Loading indicator
News & Reviews
Last 7 Days

Yesterday’s announcement that the government was planning to allow the private importation of new or near-new vehicles from 2018 may have been slammed by existing factory distributors, but not all of the car industry was up in arms.

The Australian Automotive Aftermarket Association (AAAA), the peak body representing the interest of the automotive parts, accessories, tools and equipment industry, has come out strongly in favour.

“This reform is in line with improving competition and consumer choice. It is also consistent with both the Productivity Commission and Harper Review recommendations for the future direction of the Australian automotive industry and the wider economy,” said executive director Stuart Charity.

“The AAAA made important contributions to these reviews with the aim of enhancing industry competition, while ensuring that public safety and consumer rights are protected.”


The AAA also said it “recognised the logic” in one of the proposal’s key stipulations — limiting personal imports to the right hand driving nations of Japan and the United Kingdom.

“The Government has recognised these markets as having similar safety standards to Australia,” it said. “This first move to de-regulate Australia’s vehicle market will benefit consumers by ensuring that the car companies sharpen their pricing,” it conjectured.

We (CarAdvice) would point out that this measure is billed as being about improving choice, not pricing, however. Even the government doesn’t expect prices to drop markedly.

For those not across yesterday’s news, the government’s plan to allow private ‘grey’ imports stipulates that: buyers can purchase any vehicle 12-months old or less and with fewer than 500km on the odometer, from right-hand-drive markets with standards equivalent to ours.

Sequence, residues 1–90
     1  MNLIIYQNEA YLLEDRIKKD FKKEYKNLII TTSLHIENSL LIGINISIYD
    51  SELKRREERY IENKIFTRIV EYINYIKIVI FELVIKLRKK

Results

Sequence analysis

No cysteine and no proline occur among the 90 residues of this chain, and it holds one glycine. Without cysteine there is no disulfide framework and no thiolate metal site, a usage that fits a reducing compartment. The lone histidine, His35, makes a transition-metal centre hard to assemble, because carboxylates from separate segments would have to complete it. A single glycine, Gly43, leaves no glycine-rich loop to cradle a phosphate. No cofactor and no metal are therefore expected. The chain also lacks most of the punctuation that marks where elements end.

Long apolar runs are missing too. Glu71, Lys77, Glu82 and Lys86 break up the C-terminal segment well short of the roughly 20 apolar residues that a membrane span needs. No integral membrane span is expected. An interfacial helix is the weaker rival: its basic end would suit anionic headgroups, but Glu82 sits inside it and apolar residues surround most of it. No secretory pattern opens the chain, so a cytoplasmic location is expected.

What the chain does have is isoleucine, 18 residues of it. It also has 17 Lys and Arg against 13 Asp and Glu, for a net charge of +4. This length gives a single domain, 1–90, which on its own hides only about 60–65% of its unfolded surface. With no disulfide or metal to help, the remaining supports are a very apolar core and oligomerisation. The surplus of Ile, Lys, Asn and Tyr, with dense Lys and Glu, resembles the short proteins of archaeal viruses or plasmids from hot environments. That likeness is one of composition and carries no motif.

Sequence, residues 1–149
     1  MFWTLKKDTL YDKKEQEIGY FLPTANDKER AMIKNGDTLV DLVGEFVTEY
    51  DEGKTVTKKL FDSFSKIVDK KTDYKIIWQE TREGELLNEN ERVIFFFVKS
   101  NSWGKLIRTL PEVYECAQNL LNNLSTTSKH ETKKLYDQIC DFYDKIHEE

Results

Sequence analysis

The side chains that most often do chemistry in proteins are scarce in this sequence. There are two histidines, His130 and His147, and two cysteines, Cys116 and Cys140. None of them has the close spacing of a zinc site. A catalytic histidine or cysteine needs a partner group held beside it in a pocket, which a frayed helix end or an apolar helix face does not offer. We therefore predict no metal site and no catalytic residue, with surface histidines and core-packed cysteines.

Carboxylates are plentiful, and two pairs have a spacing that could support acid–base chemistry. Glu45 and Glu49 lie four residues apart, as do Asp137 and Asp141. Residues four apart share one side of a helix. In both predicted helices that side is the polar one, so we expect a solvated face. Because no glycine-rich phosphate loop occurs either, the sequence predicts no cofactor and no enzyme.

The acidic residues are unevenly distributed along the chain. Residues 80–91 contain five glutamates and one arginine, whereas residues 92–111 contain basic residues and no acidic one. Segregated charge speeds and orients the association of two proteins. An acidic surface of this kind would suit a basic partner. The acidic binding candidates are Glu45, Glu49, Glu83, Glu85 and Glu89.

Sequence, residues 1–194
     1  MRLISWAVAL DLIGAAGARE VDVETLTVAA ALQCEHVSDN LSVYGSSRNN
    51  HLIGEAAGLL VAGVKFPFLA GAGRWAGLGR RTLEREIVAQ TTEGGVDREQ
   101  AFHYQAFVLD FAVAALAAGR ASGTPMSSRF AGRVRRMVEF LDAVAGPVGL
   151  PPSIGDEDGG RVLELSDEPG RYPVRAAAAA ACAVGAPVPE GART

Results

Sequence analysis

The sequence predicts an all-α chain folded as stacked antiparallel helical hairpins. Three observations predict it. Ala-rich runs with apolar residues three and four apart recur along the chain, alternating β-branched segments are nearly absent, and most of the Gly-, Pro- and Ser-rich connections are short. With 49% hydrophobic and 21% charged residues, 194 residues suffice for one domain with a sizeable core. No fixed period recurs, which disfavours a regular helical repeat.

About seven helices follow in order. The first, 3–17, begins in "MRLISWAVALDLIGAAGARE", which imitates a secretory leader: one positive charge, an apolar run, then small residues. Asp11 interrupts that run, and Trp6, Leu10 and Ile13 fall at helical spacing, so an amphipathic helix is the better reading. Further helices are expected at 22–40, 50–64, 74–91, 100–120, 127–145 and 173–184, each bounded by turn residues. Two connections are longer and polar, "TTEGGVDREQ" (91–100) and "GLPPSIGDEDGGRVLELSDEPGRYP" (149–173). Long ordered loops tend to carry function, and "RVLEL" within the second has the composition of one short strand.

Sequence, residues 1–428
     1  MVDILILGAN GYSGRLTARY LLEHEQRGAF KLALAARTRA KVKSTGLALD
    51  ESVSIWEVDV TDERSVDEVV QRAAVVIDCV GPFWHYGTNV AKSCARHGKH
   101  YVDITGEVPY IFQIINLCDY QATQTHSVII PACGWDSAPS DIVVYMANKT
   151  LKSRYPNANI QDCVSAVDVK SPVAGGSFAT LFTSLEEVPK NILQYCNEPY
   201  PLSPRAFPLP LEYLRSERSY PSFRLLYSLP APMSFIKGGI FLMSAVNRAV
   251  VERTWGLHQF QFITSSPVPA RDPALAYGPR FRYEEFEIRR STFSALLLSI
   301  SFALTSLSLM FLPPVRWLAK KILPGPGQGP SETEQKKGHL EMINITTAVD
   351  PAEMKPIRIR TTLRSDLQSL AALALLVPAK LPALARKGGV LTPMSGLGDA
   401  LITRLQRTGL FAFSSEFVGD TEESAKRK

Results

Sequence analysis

911 Turbo S und 911 Turbo S Cabriolet

But you can only buy one car every two years, so you won’t see parallel businesses cropping up, save for brokerages.

The government argues it will offer wider choice to consumers, who will be able to purchase vehicles not sold here but which are available in the aforementioned markets. This might be an all-wheel-drive sedan, or a Japanese Kei car, or perhaps some variant sold at a cheaper price because it has a lower specification level.

In time, the government suggests up to 30,000 vehicles a year may be personally imported.

You can read our summary of the car industry’s grievances here.

2015 Renault Twingo - 1

Below is our quick Q and A with a ministerial spokesman.

Local car importers aren’t obliged to cover warranties on private imports, so what are the consumer protections in place? Is it buyer beware?

Most vehicle warranties only apply in the country where the vehicle was purchased. Warranties are generally provided by automotive dealers as part of the purchasing package. The insurance industry has confirmed that it is in a position to provide warranty insurance to individuals seeking to import a new vehicle.

Consumers purchasing a new motor vehicle manufactured overseas from within Australia may be offered some protection under the existing Australian Consumer Law (ACL) protections. The Department’s website will include information on this to enable buyers to be informed prior to importing a vehicle.  I note that there are many cars imported by individuals now, so this is not a new issue.

What are the ramifications in regards to safety recalls? They won’t be on each car maker’s databases…

The details of each personal new import vehicle will be contained on the new online and publicly searchable database, so individually imported vehicles will be more easily identifiable for recalls.

Will the luxury car tax cover parallel imports? One might suggest that if it won’t, it’s not an even playing field.

Yes the luxury car tax will apply to personal new import vehicles. It already applies to other vehicles imported to Australia.

Does the government acknowledge the potential risks to jobs within dealer networks here, which are often small businesses?

The Government does not expect a material effect on dealerships from the personal new imports scheme.  More than 1 million new vehicles are sold through dealers now and we expect dealerships to continue to be the main source for consumers to purchase a vehicle.

MORE: Gov plans to allow parallel ‘grey’ imports from 2018
MORE: Let Australians import new cars – minister

MORE: Govt says Australia won’t become a “dumping ground”
MORE: Mazda boss says cars in Australia not overpriced
MORE: Grey imports could cut market in two – Holden